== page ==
I made some changes to adjust orange and green gradients. I also modified light red to make it less orange-like (which found problematic in big gradients).
I created these test just to play with some gradients on buttons. To speed up the testing I just included the Bootstrap CSS (from Twitter) and start playing with colors.Although I made buttons a bit less rounder and removed some of the effects, most of the style was still inherited from the Twitter-provided library (which explains the twitter look).I agree on not following the Twitter-like style. A more simple and clean style (e.g., Android Holo or Windows Phone Metro) probably fits better the idea to emphasize content more than chrome.The candy-effect, apart from the consequences of using Twitter lib, is probably accentuate by placing all different color versions together. I have modified the example to include a form that allows buttons to be seen more in context. I also included the original twitter shinier gradients in the side-by-side comparison.I provide the hex values for the gradients I used:Red: #D95B43, #CC333FBlue: #3492D1, #107FC9Orange: #FFA33A, #F07818Green: #92D634, #7AB317I like the red one because it provides a balance between attracting the attention and keeping the label readable.Green is the one I like the less, it needs to be darker and a more subtle gradient (Orange having a similar problem).Pau--On Thu, Jun 28, 2012 at 8:59 AM, Munaf Assaf <email@example.com> wrote:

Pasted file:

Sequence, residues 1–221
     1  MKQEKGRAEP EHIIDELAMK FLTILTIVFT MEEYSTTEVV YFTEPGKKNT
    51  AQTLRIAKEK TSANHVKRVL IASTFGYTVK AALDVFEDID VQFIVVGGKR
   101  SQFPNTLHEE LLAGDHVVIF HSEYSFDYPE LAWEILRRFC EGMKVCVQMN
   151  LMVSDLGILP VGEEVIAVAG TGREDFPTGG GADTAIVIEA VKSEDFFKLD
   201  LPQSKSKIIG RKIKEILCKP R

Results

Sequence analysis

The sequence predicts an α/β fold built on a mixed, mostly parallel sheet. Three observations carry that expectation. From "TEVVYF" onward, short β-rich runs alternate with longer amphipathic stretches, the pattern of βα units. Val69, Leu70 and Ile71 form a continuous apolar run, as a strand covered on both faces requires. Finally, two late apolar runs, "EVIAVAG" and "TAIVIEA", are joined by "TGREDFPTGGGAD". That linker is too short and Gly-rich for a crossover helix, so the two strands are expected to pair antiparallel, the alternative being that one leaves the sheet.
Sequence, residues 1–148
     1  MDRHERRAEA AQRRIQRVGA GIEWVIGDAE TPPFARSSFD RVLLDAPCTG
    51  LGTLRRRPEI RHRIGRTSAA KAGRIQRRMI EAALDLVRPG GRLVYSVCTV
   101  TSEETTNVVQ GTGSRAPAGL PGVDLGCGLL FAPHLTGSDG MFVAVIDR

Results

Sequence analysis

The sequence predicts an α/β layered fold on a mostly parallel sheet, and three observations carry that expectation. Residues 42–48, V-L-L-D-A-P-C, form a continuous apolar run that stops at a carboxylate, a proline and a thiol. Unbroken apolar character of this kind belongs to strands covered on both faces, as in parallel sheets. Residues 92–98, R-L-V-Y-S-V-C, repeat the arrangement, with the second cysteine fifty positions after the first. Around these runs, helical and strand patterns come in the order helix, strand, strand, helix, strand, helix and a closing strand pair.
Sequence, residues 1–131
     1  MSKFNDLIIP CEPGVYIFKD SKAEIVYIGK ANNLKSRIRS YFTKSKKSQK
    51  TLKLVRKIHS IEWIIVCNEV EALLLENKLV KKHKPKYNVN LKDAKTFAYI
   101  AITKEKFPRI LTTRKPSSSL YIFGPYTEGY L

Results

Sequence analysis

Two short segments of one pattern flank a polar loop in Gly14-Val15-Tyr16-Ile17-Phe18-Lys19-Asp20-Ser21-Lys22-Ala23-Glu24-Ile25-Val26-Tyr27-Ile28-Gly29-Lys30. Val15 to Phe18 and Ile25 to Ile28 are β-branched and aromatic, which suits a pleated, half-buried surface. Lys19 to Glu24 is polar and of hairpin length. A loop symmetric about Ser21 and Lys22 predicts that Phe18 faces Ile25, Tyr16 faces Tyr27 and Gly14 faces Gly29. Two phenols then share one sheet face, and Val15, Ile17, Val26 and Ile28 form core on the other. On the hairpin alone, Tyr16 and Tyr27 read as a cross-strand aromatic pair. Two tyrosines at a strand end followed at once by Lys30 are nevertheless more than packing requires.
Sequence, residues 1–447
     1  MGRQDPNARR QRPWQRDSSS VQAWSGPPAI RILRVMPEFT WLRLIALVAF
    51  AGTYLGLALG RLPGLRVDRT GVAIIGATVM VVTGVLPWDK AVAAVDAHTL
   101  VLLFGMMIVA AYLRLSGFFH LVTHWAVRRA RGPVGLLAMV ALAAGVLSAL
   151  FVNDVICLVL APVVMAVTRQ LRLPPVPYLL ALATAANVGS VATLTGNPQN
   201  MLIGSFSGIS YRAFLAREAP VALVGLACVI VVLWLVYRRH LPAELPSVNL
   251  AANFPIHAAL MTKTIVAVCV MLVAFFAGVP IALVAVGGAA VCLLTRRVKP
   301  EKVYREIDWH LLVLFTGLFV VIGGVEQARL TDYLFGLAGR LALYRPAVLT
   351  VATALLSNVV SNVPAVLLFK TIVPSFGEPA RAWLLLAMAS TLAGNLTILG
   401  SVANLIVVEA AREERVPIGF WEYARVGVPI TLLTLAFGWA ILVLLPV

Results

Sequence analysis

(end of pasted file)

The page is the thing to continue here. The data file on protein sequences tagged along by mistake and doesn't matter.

These were based off of Android's Ice Cream Sandwich Palette.We started there and were tweaking from it, mainly because it was designed with a dark chrome in mind (which is why it's candy-like). In reality, ICS takes a mostly blue-accent approach and only uses those colors sparingly (e.g. never to fill a button).
On Wed, Jun 27, 2012 at 6:47 PM, Brandon Harris <firstname.lastname@example.org> wrote:
So, commenting on this (I know nothing of its origin, just that it was pasted into the design channel - I've been out-of-pocket):
Overall, I think the colors in the "test" palette are too . . . candylike. This could be an artifact of the shadowed text (which I generally think we need to stay away from), but overall it reminds me too much of Twitter.
I can tell you that the global community will not really like it if we go this route.
The red works, the blue is close, the orange seems . . i dunno. I've never really seen orange buttons. But the green is way, way too twitter-like to pass. This needs darkening, I think, or strengthening.
What are the hex values these are based on?
Brandon Harris, Senior Designer, Wikimedia Foundation
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Pau GinerInteraction DesignerWikimedia Foundation